With the arrival of our Centennial Homecoming and Gala this weekend, I look forward to celebrating the 100th anniversary of Matthews Hall. This milestone has been a century-in-the-making, so we should all take a moment to reflect on the significance of the occasion. A quick scan around our city and throughout the local area will reveal that very few other schools can lay claim to such an uninterrupted heritage. If centuries are how we measure significant historical events, then – as The Tragically Hip once intoned – we are Ahead by a Century!
If we are truly going to appreciate the accomplishments of our school over the decades, we must always return to our roots. How and why and for whom was our school started? How and why and with whom has our school endured?
We are fortunate to have some solid evidence of the school that Kate Matthews envisioned when she began her work with elementary children in 1918. The experience of school was certainly different in those days – desks in rows, drills and rote learning, and an emphasis on King and Country. In keeping with most schools of the time, such traditional values and rules for “right conduct” ruled the day. And yet, one of the specific things we know about Miss Matthews’ work with children was the value and importance she placed on relationships.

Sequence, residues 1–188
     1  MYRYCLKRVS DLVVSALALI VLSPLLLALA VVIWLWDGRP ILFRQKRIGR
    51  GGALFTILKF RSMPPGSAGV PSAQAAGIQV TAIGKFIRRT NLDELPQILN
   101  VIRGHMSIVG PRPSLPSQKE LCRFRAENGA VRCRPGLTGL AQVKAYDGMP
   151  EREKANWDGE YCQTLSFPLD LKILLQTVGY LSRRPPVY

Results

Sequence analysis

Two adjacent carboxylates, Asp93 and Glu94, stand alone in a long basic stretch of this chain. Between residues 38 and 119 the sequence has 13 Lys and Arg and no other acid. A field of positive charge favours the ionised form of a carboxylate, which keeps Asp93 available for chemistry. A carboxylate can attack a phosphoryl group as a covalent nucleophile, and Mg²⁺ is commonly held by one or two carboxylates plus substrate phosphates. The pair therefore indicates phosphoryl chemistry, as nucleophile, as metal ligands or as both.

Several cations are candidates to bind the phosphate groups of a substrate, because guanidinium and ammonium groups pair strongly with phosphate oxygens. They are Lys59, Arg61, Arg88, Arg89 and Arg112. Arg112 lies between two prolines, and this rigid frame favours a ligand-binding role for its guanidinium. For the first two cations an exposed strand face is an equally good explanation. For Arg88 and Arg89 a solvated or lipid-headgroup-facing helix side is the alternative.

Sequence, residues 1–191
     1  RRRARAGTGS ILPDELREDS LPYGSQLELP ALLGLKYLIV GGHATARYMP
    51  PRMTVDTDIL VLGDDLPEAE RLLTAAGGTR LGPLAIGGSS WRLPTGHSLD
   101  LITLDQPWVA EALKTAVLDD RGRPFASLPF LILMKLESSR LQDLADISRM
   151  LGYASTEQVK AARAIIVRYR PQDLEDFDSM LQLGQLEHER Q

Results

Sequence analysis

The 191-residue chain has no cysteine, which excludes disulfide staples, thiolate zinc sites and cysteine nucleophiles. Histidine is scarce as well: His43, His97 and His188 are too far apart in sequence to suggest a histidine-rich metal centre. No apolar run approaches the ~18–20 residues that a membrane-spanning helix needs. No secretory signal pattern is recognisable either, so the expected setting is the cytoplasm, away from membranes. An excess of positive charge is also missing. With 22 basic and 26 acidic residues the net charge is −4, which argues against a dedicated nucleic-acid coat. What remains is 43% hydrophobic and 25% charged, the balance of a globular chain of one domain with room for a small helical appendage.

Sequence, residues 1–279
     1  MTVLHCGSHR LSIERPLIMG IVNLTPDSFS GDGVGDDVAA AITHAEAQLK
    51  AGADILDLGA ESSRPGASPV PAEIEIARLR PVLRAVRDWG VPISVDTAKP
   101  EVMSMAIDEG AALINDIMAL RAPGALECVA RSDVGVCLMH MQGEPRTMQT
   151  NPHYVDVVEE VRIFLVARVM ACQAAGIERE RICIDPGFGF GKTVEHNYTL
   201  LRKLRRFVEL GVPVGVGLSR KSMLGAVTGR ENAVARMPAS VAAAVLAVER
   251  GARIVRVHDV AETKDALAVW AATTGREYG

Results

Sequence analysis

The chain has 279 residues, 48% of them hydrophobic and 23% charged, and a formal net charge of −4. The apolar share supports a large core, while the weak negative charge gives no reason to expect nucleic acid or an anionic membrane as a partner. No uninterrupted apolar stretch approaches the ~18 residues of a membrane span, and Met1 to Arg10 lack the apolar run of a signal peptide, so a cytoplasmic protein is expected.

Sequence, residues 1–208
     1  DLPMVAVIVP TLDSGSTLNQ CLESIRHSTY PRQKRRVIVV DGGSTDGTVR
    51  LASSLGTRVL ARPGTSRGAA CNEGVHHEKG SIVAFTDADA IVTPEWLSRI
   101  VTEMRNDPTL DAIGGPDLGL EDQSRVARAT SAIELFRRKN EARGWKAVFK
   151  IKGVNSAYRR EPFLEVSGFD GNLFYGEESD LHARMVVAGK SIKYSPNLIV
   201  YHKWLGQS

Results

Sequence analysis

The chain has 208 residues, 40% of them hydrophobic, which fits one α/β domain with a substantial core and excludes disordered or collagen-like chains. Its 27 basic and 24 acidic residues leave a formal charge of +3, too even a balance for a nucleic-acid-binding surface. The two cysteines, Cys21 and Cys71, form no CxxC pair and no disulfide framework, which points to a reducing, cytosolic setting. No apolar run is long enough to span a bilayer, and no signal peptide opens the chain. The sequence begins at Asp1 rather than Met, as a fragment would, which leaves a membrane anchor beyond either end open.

The guiding principle of our school from its earliest days was an emphasis on appreciating that children needed to “live life sanely and happily with others, facing life bravely and with joy” even in the midst of struggles and adversities. It meant recognizing that academic progress and success were vital objectives that could only be fully realized when learning to work effectively with others was also prioritized. This should be the mission of every elementary school serious about helping children learn to live a happy life – accepting of the faults and shortcomings of others along with their own, as they meet, exceed and achieve important academic goals.
While such expectations continue to be upheld in our school today, we strive not to understand ourselves as a “rules first” community. We prefer to think of ourselves as a “relationships first” community in keeping with Kate Matthews’ vision for children . Miss Matthews would never have presided over a school where meetings and planning focused on the consequences of poor behaviour. She would have spent her time looking to create positive experiences intentionally designed to strengthen relationships with all students – the excelling and the struggling.
Today, we must continue to prioritize relationships with our students and one another because without relationships, there can be no learning that lasts.
If we are committed to this as a school, we honour the work of Kate Matthews and, like her, focus on making the positives so loud that the negatives are almost impossible to hear.
By doing this, we remain excited about the future, which – in our work with children – is simply not negotiable.